It took about five months from the start of the Syrian uprising for the Obama administration to make the leap to saying President Assad should “step aside.”

Here’s a look back at the long — and deliberate — buildup.

Mid-March: Pro-democracy protests spread across Syria.

March 27: Secretary of State Hillary Rodham Clinton appears to defend Assad, saying: “There’s a different leader in Syria now. Many of the members of Congress of both parties who have gone to Syria in recent months have said they believe he’s a reformer.”

April 26: National Security Council spokesman Tommy Vietor calls the crackdown in the city of Deraa “completely deplorable” and says the White House condemns it “in the strongest possible terms.”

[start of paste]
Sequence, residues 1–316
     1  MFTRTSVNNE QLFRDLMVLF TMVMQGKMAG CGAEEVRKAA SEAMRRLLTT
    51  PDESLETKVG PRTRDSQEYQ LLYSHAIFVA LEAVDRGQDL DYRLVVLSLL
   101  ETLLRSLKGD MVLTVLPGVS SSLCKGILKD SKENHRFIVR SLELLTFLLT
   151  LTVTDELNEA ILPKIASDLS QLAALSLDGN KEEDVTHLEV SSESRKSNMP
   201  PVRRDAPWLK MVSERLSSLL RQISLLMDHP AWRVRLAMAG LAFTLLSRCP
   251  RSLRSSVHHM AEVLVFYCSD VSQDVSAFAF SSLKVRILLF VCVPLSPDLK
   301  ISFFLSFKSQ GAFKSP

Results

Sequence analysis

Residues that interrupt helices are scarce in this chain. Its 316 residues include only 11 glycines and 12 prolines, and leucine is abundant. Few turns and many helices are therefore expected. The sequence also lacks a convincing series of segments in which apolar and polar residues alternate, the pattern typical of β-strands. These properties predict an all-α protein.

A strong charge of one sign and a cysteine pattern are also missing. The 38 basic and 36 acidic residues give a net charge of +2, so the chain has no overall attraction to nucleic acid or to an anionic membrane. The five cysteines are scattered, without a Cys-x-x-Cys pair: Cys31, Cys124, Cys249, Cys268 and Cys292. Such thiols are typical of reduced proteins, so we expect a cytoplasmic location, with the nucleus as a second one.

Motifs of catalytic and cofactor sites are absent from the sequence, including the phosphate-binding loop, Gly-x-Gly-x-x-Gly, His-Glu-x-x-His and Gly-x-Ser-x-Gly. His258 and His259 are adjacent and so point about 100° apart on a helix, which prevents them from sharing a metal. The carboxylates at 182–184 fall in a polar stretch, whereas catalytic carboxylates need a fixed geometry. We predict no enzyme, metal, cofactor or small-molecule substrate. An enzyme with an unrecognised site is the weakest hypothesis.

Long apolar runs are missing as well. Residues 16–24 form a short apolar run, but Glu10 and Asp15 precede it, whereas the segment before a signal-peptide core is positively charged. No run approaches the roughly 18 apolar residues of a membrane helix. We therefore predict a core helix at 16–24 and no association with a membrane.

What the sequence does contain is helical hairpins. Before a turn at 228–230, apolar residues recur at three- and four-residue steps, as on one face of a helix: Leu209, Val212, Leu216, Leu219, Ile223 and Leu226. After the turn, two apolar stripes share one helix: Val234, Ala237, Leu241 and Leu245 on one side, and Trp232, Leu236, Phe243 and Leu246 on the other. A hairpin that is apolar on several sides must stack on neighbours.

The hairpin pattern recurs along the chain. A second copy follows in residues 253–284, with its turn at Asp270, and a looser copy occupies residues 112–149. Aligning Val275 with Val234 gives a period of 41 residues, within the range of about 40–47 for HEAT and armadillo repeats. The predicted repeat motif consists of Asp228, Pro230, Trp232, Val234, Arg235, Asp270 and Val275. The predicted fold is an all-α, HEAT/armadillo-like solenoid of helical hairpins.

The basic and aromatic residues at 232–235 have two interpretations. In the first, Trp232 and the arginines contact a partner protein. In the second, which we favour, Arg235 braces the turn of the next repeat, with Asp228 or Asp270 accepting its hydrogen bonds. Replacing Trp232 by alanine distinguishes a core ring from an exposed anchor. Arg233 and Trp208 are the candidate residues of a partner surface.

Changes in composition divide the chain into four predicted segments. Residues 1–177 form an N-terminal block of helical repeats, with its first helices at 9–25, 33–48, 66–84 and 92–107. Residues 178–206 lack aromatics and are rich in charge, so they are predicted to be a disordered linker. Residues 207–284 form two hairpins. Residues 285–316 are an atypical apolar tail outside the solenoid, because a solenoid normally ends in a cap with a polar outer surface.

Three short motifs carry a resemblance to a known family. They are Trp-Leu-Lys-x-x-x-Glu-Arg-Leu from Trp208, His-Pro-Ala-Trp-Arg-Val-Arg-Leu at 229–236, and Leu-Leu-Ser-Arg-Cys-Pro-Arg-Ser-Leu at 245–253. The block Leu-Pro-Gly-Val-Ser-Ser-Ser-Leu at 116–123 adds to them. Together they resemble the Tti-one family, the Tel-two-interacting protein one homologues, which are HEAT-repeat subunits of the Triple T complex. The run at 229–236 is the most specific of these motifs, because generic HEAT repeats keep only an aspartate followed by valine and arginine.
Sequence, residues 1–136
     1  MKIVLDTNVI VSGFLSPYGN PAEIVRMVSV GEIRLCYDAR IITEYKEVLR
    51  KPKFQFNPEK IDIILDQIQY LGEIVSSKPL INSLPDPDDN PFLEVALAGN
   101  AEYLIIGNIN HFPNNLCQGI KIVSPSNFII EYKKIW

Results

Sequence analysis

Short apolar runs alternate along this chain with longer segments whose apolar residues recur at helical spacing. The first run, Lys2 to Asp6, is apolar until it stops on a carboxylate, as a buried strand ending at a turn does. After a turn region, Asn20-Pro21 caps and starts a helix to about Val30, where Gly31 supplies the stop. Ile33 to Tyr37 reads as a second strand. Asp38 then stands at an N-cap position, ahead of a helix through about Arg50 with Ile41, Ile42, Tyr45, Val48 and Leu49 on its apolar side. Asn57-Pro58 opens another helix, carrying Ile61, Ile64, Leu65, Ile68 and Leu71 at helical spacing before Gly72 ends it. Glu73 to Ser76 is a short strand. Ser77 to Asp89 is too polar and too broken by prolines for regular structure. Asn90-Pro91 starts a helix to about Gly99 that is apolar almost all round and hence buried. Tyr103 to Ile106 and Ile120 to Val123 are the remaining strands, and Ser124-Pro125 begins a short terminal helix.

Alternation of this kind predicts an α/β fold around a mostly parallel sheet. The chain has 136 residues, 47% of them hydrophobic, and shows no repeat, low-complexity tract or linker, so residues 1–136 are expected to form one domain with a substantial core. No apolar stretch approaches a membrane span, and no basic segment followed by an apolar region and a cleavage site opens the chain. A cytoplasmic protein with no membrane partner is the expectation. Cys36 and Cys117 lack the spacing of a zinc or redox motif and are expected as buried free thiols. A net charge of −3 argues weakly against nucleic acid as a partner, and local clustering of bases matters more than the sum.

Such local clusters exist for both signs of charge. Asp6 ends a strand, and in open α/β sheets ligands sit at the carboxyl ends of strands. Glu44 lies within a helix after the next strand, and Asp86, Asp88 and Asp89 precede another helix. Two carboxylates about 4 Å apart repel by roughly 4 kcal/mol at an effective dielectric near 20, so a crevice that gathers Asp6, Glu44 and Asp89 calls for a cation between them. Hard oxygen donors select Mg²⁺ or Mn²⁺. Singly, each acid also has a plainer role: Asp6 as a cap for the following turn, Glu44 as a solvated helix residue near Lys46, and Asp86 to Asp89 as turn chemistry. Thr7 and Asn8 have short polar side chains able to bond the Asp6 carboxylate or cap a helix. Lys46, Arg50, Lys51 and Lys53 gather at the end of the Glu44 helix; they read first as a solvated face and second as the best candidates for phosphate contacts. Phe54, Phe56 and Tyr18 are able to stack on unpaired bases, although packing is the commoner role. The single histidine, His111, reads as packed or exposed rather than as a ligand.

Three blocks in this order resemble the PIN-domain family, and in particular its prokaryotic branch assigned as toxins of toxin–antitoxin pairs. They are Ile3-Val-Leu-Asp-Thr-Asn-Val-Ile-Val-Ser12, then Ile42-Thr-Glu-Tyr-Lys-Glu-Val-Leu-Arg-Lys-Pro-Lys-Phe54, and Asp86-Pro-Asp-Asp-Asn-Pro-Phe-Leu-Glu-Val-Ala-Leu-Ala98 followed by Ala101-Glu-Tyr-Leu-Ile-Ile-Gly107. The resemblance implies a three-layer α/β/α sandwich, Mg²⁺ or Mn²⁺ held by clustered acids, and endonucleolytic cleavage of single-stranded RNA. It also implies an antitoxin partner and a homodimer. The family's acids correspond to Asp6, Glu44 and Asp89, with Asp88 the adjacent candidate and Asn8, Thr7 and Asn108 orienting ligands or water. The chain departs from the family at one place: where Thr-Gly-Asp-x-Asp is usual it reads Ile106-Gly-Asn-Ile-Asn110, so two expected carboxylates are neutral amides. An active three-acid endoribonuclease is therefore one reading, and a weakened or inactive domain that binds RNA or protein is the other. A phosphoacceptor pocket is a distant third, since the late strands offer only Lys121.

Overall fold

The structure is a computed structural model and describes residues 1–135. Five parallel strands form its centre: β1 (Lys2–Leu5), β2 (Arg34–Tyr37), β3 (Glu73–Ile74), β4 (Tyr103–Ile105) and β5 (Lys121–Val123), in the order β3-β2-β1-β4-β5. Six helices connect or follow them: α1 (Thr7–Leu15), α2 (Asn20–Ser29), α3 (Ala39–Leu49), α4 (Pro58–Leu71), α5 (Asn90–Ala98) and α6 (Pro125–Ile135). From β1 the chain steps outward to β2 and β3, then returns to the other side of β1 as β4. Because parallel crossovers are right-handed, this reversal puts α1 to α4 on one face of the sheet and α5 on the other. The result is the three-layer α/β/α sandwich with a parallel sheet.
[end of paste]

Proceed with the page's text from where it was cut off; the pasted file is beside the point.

April 28: In a letter, Sens. John McCain (R-Ariz), Lindsey Graham (R-S.C.) and Joseph Lieberman (I-Conn.) call on Obama to strengthen his policy and say declare that Assad has “lost legitimacy.”

April 29: Obama issues an executive order targeting Syrian officials involved in human rights abuses.

May 18: Obama issues an executive order targeting Assad specifically and six other senior officials.

May 19: Obama delivers a major Middle East speech on the Arab Spring. During his remarks, he says: “President Assad now has a choice: He can lead that transition, or get out of the way.”

July 11: Clinton says Assad has “lost legitimacy.”

July 12: White House press secretary Jay Carney echoes Clinton, saying Assad has “lost legitimacy” and that he is “not indispensable.”

Aug. 5: Obama talks to German Chancellor Angela Merkel and French President Nicolas Sarkozy, raises the prospect of calling for Assad to go.

Aug. 13: Obama talked with British Prime Minister David Cameron, “forging agreement it was time for Assad to step aside.”

Aug. 18: Obama and other Western leaders call on Assad to quit.